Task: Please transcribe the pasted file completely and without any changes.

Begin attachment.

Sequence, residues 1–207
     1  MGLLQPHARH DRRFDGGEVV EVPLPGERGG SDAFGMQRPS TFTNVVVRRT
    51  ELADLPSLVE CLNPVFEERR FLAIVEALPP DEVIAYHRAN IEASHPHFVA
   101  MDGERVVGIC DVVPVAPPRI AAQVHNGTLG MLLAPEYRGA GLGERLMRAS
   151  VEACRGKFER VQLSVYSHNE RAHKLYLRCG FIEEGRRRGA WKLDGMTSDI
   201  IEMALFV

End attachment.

Sequence, residues 1–207
     1  MGLLQPHARH DRRFDGGEVV EVPLPGERGG SDAFGMQRPS TFTNVVVRRT
    51  ELADLPSLVE CLNPVFEERR FLAIVEALPP DEVIAYHRAN IEASHPHFVA
   101  MDGERVVGIC DVVPVAPPRI AAQVHNGTLG MLLAPEYRGA GLGERLMRAS
   151  VEACRGKFER VQLSVYSHNE RAHKLYLRCG FIEEGRRRGA WKLDGMTSDI
   201  IEMALFV